While you want your house to be cool, you want the water in the shower to be hot. But water heating can account for up to 20 percent of a home’s energy costs, so it pays to know what you are buying. Your choice of a water heater will depend on how much hot water you will use. And there are plenty of choices that include gas and electric options.

    Water heaters are available as storage tank, tankless (on-demand), heat pump (hybrid), solar, and condensing. Each has pros and cons, and their cost will vary depending on what they offer. It is not always wise to “go cheap” where you may end up paying more in the long run to replace a water heater that did not last. For durability, you would be wise to consider Magic Valley Electric Coop’s Marathon water heater with a limited lifetime guarantee. Remember that there is also the natural gas heat pump which is among the most energy efficient options.

    Since water heating is the second largest energy hog in your home, choosing the right one can mean tremendous savings for you. Make sure your builder has your budget in mind when he or she chooses the water heater for your new home.

    Screen Shot 2016-08-02 at 1.48.24 PM4) HEATING, VENTILATION, AND COOLING SYSTEM (HVAC)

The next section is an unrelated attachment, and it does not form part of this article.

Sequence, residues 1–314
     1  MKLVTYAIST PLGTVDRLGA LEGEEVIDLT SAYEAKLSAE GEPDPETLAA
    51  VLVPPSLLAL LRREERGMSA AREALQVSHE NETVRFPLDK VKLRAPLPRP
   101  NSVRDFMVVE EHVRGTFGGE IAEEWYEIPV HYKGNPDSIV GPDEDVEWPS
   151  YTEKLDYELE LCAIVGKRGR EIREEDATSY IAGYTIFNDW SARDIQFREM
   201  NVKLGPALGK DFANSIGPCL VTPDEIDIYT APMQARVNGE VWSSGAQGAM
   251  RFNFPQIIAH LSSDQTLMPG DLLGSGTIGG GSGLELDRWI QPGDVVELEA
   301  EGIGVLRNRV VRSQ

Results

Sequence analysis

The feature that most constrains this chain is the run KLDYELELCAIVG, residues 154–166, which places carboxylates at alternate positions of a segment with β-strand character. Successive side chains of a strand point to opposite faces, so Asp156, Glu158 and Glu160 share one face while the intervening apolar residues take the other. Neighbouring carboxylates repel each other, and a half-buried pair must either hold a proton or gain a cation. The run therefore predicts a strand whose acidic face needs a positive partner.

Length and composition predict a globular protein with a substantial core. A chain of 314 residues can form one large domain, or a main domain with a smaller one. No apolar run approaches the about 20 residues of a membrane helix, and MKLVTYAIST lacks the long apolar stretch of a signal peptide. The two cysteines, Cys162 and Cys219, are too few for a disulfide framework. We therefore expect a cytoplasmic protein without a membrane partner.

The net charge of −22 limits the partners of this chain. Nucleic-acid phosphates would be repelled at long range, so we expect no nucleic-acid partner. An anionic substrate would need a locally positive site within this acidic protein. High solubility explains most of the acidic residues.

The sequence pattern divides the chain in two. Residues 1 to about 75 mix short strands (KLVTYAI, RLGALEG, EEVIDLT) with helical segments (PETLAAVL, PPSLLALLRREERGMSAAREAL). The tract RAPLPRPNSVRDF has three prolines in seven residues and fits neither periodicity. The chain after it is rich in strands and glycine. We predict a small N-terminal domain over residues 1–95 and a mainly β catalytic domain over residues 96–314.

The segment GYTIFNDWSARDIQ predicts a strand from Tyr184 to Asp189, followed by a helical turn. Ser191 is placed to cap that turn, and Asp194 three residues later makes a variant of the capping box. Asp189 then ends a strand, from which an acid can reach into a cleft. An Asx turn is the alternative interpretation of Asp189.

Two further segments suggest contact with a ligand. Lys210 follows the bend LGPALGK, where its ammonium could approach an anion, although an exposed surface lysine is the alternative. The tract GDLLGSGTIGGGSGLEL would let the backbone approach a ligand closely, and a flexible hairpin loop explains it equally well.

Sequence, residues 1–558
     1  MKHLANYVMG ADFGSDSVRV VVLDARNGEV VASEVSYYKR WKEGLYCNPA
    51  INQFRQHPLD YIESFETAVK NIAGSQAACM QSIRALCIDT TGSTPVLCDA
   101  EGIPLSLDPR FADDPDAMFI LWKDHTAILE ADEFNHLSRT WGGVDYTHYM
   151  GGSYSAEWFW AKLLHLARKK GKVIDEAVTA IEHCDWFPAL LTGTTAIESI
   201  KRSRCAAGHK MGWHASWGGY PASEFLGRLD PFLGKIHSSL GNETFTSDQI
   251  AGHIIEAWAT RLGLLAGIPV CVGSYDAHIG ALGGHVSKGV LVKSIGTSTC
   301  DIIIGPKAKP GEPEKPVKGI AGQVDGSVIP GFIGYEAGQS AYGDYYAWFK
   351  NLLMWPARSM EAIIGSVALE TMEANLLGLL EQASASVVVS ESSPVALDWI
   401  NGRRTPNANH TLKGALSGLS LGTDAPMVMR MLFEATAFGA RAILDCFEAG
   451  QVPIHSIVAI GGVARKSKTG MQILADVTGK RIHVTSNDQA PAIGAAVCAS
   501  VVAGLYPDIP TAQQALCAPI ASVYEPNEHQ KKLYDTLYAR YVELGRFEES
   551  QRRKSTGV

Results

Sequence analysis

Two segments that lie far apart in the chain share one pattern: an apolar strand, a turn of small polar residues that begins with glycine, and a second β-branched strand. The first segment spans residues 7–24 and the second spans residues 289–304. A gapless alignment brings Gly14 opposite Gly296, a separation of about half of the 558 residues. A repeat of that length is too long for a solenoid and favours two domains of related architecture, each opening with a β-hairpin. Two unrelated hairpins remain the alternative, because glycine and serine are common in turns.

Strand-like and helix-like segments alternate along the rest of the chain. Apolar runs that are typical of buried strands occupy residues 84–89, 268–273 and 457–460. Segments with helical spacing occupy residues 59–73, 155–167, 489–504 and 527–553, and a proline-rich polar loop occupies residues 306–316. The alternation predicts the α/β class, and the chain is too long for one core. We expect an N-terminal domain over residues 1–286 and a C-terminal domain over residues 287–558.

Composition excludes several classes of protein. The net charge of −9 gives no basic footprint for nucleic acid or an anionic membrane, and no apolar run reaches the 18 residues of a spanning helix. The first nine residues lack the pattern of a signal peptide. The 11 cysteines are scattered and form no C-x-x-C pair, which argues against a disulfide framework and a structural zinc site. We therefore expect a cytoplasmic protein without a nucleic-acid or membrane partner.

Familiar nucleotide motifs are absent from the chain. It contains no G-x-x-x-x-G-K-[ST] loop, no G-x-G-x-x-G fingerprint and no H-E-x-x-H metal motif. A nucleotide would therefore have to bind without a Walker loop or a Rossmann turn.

Most homebuyers are under the false assumption that bigger is better when it comes to heating and cooling units. That could not be further from the truth. Installing a larger unit than is required will actually cost you more money, as the over-sized unit cools the home quickly and will shut down often, stopping and starting more times than a properly-sized unit would. An over-sized unit can also, in time, create moisture and mold issues in the ductwork and the home. Choosing the right-sized unit is actually at the heart of building a home that is both energy efficient and comfortable to live in.

    To calculate the right size unit for your home, many factors must be taken into account, including the size of the home, the geographical area, the ductwork system, and the ventilation system. More importantly, the installation must be done by a qualified technician—preferably one that is certified by the Air Conditioning Contractors of America (ACCA), the largest contractor organization in the nation. A 16 SEER unit, for example, could be operating as a 10 SEER or lower if other factors are ignored in the installation.
    SEER and AFUE Ratings: Seasonal Energy Efficiency Ratio (SEER) for air conditioners and the Annual Fuel Utilization Efficiency (AFUE) rating on furnaces indicate how well these units are performing. The higher the rating, the less wasted energy and the more cold or warm air.

    Manual J, Manual S, and Manual D Calculations: “Manual J” calculations on your house are used to figure out the cooling load, and “Manual S” calculations are used to select the optimal system. Manual D calculations take into account the duct design and airflow pressures from room to room throughout the home. These calculations take the guesswork out of choosing the right-sized unit for your specific home. Ask your builder if these were performed on your new home. With the BUILT TO SAVE™ and ENERGY STAR® programs, an independent home energy rater makes sure the calculations are in compliance, thereby insuring that the home has a properly-sized HVAC system.